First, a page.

He had the dashing good looks of James Dean, his contemporary. His jazz recordings with baritone saxophonist Gerry Mulligan sold well in the 1950s - and are still popular among jazz fans today. He was enigmatic, this most spellbinding jazz trumpeter, unable to read a note of music, yet able to improvise complex harmonic lines with the most sophisticated jazzmen of the century. What was the key to Chet Baker's jazz, and why does his popularity, nine years after his death, continue to grow?
With due respect to my colleagues in the music criticism business, let me suggest that most critics have rigidly and inaccurately stereotyped the artist. Baker has been described in countless articles as a leader of the "cool" school of jazz, meaning that he loved conventional Tin Pan Alley melodies. He played them in a softly modulated tone suggesting bittersweet angst, in an easy-going style bridging swing and bop.
Four new Baker CDs certainly offer a glimpse of that sound - but that is only a fraction of what they do reveal.
West Coast Live (Pacific Jazz) is an intriguing two-disc set of largely previously unreleased live recordings by Baker with the saxophonist Stan Getz from the '50s. Anyone interested in this fascinating mismatch of jazz greats should purchase this set and avoid Stan Meets Chet (Verve), a studio session marked by Baker's descent into a drug-induced fit of sour notes and phlegmatic phrasing. Note that "West Coast Live" still chronicles a mismatch. Baker favors short trumpet phrases, tart and probing commentaries upon old standards like "Yesterdays" and "All the Things You Are." Getz, on the other hand, executes long and sinewy, velvet-toned lines.
Their interactions are minimal; they basically keep out of each other's way. And yet their very lack of connection seems to bring out a measure of imaginative aggression in their exciting solos. They could be drivingly hard swingers, even with material as perennially and unseasonably corny as "Winter Wonderland." Their soaring energy on Gershwin's "Strike Up the Band," a tune rarely heard in jazz today, is positively sensational.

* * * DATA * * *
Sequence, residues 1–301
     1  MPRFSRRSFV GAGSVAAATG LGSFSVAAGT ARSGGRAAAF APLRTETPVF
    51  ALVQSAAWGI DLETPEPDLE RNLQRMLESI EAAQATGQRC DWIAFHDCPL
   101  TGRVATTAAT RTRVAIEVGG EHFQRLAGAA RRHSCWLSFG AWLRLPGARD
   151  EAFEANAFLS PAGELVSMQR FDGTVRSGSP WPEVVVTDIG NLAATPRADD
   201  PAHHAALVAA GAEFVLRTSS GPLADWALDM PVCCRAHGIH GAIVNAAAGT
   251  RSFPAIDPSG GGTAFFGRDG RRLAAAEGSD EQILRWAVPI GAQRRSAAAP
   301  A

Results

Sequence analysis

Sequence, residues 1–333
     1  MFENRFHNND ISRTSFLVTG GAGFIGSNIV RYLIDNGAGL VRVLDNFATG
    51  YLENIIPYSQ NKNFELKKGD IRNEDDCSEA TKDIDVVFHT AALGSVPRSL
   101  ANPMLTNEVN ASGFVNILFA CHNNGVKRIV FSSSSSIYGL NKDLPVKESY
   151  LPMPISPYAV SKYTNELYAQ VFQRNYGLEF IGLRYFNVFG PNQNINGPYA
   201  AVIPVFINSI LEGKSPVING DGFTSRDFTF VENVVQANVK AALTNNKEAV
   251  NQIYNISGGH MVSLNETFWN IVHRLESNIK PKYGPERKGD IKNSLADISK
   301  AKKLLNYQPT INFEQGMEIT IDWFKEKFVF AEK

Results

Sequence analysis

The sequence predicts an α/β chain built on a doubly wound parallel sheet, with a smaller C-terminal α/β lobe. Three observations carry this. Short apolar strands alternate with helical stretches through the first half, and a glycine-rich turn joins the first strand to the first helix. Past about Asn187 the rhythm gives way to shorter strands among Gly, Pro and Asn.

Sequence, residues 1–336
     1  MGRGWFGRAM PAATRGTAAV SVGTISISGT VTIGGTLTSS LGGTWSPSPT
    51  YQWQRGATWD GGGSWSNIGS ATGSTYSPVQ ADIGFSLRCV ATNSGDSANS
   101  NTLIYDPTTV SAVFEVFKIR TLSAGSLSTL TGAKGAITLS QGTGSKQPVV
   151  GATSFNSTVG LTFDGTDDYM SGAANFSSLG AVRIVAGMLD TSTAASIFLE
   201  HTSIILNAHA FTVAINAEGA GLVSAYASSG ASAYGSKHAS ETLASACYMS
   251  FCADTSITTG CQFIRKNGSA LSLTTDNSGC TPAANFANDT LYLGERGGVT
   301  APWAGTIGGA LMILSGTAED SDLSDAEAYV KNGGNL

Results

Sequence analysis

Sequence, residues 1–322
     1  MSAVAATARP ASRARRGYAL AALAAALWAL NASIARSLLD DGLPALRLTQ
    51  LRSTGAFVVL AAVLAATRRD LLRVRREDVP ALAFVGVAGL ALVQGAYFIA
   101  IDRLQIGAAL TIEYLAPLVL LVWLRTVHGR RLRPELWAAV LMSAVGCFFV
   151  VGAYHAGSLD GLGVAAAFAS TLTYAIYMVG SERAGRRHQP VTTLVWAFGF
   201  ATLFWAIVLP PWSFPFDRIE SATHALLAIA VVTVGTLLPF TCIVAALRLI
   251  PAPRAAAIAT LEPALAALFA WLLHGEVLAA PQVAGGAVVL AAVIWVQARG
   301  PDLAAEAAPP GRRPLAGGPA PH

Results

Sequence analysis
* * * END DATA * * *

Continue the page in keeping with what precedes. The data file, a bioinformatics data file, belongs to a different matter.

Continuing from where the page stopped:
Even better is Quartet: Russ Freeman and Chet Baker (Pacific Jazz), a studio session from 1956 featuring the young pianist Russ Freeman, an unusually inventive artist. A rousing tune like Freeman's "Hugo Hurwhey" shatters the image of Baker as a hornman who always wore his heart on his sleeve.
There is a real heft and assertive spark in his playing here. Helping the performance is the solid rhythm section of bassist Leroy Vinnegar and drummer Shelly Mann (who also performs on three of the 20 selections on "West Coast Live") - far more adventuresome players than bassist Larry Carson and drummer Larry Bunker, who appear on the Getz collaboration on Pacific Jazz.
Baker's solo on Billy Strayhorn's "Lush Life" is a sentimental tour de force, granted, but "Love Nest," the album's opening selection, has a Miles Davis-sounding drive that belies any wimpy reticence to boldly declaim.
Anyone seeking a one-disc sampler of a spectrum of Baker's touching art during the '50's (he recorded extensively until his death in 1988) would do well to get a copy of Jazz Profile: Chet Baker (Blue Note). Here is Baker the romantic vocalist, a honey-throated crooner on "I Get Along Without You Very Well." And here is Baker, the blues trumpeter, perfectly matched with alto saxophonist Art Pepper on "The Route." And there's Baker in an up-tempo mood on "Bockhanal."
Although attacked recently by no less a trumpeter than Wynton Marsalis, who claimed that Baker never completely mastered his instrument, no one in jazz history ever achieved such an intimate and complexly unsettling romantic sound.
Romanticism in jazz, as in any art, doesn't have to imply a sotto voce or sentimental wash. It can include raging fury, or confusion, or any number of complex feelings and thoughts. It is, more than anything else, an expression of an artist's yearning toward transcending the everyday conventional world. Like a Byron in poetry, or a Van Gogh in painting, Baker reached for a world beyond.